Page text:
The metaphorical "mailbag" was overflowing this past week, not only Cherie's but You-Know-Who also received her share of e-mails.
They all stared more or less like this: Dear Cherie, Have you seen the article? I thought of you immediately. What do you think?
They were talking about the piece in the New York Times written by Dominique Browning, former editor-in-chief of the late "House & Garden" magazine on the subject of her long, long, long gray hair. In the unlikely possibility you have not read her "argument" (Cherie is using the word here in its Socratic definition), please click below.
Speaking of arguments, Duchesse made interesting points on the subject earlier this week you might like to read and think about her take on the psychology of the debate.
This is what Cherie thinks: To each her own. Frankly, what else can one say?
A woman's hair is such an intimate, integral part of her very essence, mirroring her deepest feelings about herself. A hairstyle can say:
- "I really don't have the time and I really don't care.
- You can see my roots? That's your problem.
- My husband/boyfriend/fill-in-the-blank likes it long.
- Long is easier.
- Short is easier.
- Gray? No that means I'm old.
- Gray? I hear it's the new platinum blonde -- bring it on.
- I was a redhead, I will always be a redhead.
- I had black hair, I will always have black hair.
- I have no idea what my natural color is (and don't care to find out).
- If Demi Moore and all those other celebs can wear their hair to their elbows, why can't I?
- I can't wear my hair to my elbows because I'm not traveling with a hairstylist wherever I go.
- My hair is my shield against the world.
- My hair is just one more chore. Where are the rubber bands?
- I don't care what anyone thinks. Period.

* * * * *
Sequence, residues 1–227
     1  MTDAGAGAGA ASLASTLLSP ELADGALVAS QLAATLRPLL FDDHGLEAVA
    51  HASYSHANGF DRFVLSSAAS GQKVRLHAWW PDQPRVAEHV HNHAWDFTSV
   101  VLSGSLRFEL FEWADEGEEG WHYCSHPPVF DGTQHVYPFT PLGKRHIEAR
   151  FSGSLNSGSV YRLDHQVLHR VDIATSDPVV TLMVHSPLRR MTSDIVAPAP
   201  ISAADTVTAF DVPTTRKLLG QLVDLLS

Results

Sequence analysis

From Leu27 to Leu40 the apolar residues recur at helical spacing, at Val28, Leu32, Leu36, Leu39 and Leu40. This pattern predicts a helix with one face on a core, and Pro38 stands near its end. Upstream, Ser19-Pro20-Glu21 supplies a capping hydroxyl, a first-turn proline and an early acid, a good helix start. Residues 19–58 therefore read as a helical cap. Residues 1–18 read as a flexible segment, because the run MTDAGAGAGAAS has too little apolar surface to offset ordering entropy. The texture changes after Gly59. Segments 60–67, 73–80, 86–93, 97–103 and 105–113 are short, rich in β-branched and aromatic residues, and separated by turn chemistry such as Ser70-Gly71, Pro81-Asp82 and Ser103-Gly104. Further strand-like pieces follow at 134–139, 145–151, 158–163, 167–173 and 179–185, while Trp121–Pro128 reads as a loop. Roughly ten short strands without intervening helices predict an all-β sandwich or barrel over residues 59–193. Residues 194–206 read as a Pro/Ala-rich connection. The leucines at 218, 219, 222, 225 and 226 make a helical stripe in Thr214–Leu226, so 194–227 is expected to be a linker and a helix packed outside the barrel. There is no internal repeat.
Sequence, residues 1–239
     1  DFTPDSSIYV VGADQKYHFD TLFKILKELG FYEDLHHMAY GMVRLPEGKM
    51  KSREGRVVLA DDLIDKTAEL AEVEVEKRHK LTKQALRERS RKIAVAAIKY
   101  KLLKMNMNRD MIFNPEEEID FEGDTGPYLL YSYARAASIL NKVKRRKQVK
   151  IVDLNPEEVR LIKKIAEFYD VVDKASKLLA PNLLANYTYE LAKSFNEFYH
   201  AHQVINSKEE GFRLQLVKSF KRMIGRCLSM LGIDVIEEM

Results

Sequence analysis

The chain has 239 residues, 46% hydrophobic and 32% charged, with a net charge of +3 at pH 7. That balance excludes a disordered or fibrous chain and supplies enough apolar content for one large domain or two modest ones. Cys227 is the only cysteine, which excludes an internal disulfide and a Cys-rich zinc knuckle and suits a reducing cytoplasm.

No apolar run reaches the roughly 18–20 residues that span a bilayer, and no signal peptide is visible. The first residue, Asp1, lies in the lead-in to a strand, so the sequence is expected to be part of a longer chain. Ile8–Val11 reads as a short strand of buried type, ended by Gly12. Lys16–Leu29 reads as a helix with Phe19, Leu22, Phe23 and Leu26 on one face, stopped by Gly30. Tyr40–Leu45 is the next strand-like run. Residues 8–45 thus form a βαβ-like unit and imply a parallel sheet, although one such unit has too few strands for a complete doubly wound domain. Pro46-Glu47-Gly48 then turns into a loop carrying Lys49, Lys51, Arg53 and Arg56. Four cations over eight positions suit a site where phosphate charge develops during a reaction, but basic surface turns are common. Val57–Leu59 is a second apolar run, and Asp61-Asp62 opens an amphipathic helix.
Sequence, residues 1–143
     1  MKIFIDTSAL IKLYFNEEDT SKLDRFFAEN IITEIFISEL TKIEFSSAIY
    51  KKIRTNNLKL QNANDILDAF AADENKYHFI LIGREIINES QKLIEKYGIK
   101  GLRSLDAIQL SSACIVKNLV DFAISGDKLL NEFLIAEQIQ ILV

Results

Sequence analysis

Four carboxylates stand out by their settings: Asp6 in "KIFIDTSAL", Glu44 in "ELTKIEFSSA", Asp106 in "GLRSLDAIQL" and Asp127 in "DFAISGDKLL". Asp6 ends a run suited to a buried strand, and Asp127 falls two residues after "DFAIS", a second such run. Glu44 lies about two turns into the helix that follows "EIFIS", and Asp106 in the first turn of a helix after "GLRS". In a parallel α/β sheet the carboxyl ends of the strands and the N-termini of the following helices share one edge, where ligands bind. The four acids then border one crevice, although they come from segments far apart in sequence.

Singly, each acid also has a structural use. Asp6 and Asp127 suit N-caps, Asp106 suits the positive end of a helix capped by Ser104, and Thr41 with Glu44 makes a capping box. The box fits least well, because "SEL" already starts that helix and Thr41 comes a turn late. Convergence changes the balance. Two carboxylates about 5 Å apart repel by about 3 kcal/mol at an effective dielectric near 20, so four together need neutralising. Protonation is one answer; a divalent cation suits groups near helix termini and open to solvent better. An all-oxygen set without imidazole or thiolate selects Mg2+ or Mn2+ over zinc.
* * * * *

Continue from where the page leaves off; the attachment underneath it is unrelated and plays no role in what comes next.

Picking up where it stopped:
Cherie could go on and on, but bottom line: a woman isher hair. If she goes over budget on cut, care and color she is giving out a message. If she lets the roots show, never conditions, has a cut whenever without the slightest concern for "style" that's another message.
Now, to get back on message. If Dominique Browning likes her long, long gray hair and her mother, sister and others are suggesting she may be mistaken, why do we care? It's her hair.
Out on a limb. . . Cherie thinks gray and white hair can be ravishing. It's a lot of work to keep it shiny and healthy. Then there is the other gray hair route, a trip to the hair salon for one of those short, tight perms -- heaven forbid -- it's easier to take a detour to the tattoo parlor and have "I'm old and don't care" tattooed on your forehead. In the long run it's cheaper.
No more dithering, Cherie, in general thinks long, long, long hair is aging. It pulls the face down, unless it has already been lifted. In France, and You-Know-Who confirms the observation, Cherie has never seen a woman of a certain age with elbow length gray hair -- or any color hair for that matter.
Cherie is not big on compromises, but when they are to her benefit, she's all for them. Between jaw and shoulder can be a flattering compromise. It's all about you.
Pictures from the top: Carmen Dell'Orefice (now there's a woman YKW should have put in her glamour list); 45-year-old model, Kristen McMenamy, (photographed in August Vogue by David Sims); Penelope Fillon and her husband, François, the prime minister of France; Jamie Lee Curtis; Dame Helen Mirren; and Dame Judi Dench.